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History of the Great Basin, Utah
Taken from the Utah History Encyclopedia (Links Added)
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The Great Basin is effectively cut off from the westerly flow of Pacific moisture. Orographic uplift of crossing air masses by the Sierra and the Cascades provides cooling and precipitates much of the moisture out. The result is a BSk (Dry Steppe cold) climate classification for most of the Basin in the Koeppen system. The climate is typical of middle latitude, semi-arid lands where evaporation potential exceeds precipitation throughout the year. There is no water surplus or stream originating in such a climate, and mean annual temperatures are under 64.4[[ring]]F (18[[ring]]C). Oases occur where highlands generate surface streams or springs. By the time air masses reach the Basin's eastern edge they get another lift, creating extra moisture and highland climates that support Utah's population corridor below. High-level, low-pressure systems affecting Utah weather at the precipitation maximums in spring and fall are often referred to as "Great Basin" or "Nevada" lows.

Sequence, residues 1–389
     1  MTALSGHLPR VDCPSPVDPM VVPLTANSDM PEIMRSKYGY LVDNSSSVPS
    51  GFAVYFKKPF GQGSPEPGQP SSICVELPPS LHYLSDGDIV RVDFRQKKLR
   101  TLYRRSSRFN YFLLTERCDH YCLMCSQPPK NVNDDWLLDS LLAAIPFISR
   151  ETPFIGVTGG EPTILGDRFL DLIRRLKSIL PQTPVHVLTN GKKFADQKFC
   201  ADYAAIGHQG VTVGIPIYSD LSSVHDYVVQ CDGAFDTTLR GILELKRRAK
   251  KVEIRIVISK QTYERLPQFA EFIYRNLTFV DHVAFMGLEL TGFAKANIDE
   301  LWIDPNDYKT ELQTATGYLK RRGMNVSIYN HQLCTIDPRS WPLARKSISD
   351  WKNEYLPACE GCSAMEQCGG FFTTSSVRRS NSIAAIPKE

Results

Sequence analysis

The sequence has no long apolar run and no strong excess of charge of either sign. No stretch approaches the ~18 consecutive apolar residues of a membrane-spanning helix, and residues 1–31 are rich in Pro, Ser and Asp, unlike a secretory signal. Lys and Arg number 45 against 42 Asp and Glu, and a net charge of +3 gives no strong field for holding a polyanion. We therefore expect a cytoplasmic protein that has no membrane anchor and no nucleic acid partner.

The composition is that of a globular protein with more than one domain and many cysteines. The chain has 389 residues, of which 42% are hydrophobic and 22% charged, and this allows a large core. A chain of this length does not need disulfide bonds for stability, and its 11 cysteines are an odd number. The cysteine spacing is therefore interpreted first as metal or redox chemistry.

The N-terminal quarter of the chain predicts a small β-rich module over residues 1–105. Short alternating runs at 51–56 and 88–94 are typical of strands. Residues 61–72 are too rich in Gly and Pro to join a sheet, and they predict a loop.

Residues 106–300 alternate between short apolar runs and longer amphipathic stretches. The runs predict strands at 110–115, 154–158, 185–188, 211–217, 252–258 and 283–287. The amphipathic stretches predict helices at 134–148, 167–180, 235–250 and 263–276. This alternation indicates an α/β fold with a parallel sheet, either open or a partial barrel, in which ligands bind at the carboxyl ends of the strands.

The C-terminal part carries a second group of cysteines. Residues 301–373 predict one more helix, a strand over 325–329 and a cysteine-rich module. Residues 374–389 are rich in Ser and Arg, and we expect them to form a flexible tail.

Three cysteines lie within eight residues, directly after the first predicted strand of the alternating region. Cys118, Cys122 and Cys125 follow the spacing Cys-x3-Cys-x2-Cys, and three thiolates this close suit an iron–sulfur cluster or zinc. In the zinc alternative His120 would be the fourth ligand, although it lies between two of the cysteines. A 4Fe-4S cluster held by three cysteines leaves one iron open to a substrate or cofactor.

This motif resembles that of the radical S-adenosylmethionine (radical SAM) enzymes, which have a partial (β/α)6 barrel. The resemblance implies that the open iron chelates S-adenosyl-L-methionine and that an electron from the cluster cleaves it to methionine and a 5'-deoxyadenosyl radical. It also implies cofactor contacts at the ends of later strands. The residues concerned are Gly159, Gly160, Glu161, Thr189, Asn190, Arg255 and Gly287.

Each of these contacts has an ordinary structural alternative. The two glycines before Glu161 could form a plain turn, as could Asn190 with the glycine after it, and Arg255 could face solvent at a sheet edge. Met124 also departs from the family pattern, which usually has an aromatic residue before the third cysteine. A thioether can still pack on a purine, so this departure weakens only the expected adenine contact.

The vegetation response to the Great Basin's climate, soils, and topography can be generalized in a look at its life zones. Plants range from Upper Sonoran sagebrush-grasslands through Transition (Foothill) sagebrush, juniper, and piñon to Canadian (Montane) pockets of aspen-fir on prime mountain range locations. Soils grade upslope from Aridisols through Mollisols with occasional young Entisols appearing on the fans, floodplains, and valley bottoms. Interior basins are commonly around 4,000 to 5,000 feet above sea level and ranges as high as 10,000 (and occasionally 12,000 feet) in elevation.


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